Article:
Fast forward a few more years and the extremists, ever loyal to their ISI handlers, won control of Afghanistan, giving Pakistan the much-coveted comfort of ‘strategic depth’, and giving the United States a victory in the Cold War. Win-win situation, right? The thousands of Americans and the millions of Afghanis affected by the 9/11 attacks and their aftermath would say otherwise. You see, Operation Cyclone was all about creating a lethal guerrilla force, capable of defeating the mighty Soviets. This task was accomplished successfully, but as we learned in the era of former President George W. Bush, “Mission Accomplished” can often mean something different than its literal meaning.
Eventually, the monster that the U.S.-Pakistani partnership of convenience created would come back to haunt both countries. In the wake of the 9/11 attacks, Washington pressed the Pakistani military establishment to completely dissociate itself from any and all radical Islamist terror groups, an ultimatum that some Pakistani policymakers found hard to swallow. In subsequent years, Pakistan continued to covertly nurture these terrorist groups, using them against India and the Western-backed government in Afghanistan.
As Pakistan continued to adhere to its strategy of double-facedness, the United States kept bestowing its former ally with political and financial accolades. Pakistan was even given arguably the most prestigious friendship bracelet that America issue—being designated a major non-NATO ally (MNNA). Currently, only nineteen countries have been declared MNNAs, with the most controversial and questionable being Pakistan. Additionally, in the last two decades, Pakistan was provided with billions of dollars of American taxpayer money in military aid to earn its support in the post-9/11 War in Afghanistan.
Yet the policy of backstabbing continued. In fact, when asked about who is most responsible for the 2021 Fall of Kabul into Taliban hands, any seasoned and impartial member of the United States Intelligence Community will point toward Pakistan and the ISI in a heartbeat. In the last few years, American leaders and policymakers have become increasingly wary of Pakistan’s deceitful practices. This has pushed Pakistan more towards China’s sphere of influence, with the latter signing on to the China-Pakistan Economic Corridor in 2015, a multibillion-dollar infrastructure project seen as the centerpiece of China’s Belt and Road Initiative.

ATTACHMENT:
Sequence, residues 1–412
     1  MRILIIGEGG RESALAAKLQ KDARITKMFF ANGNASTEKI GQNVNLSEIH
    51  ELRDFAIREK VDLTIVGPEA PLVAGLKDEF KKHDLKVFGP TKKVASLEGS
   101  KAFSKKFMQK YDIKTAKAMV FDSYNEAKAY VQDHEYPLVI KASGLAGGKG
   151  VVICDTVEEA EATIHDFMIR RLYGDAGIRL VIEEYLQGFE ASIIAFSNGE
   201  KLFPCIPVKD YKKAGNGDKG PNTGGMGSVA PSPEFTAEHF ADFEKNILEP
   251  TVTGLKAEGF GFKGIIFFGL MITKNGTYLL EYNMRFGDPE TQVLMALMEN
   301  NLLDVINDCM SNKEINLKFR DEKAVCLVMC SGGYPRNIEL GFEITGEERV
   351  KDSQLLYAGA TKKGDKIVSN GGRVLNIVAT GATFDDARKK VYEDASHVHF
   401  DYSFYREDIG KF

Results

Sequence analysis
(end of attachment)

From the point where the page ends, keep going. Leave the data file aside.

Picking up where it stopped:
The United States has two options in its partnership with Pakistan. The first option is to conduct exhaustive lobbying efforts through international organizations to woo Pakistan’s military leadership. Specifically, the United States can use its influence over the International Monetary Fund and the World Bank to secure bailout packages for Pakistan’s cash-strapped economy. In exchange, Pakistan can be made to grant certain assurances that it will use its intelligence capabilities to monitor potential threats to the United States and its allies from Taliban-controlled Afghanistan.
The alternative is to accept Pakistan’s status as China’s “all-weather friend” and focus on boosting ties with a country that sees both Pakistan and China as adversaries: India. Obviously, this approach would mean abandoning a geopolitically important country and leaving it in the hands of an increasingly powerful rival. If you accept domino theory, this may not seem like the finest strategy, but it sure is an option. Now, it is up to the decisionmakers in Washington to make the call as soon as possible. As onlookers, we can only hope that they make the right one.
Zoraiz Zafar is a student at Colorado College.
This essay was a runner-up in the 2023 John Quincy Adams Society Student Foreign Policy Essay Contest.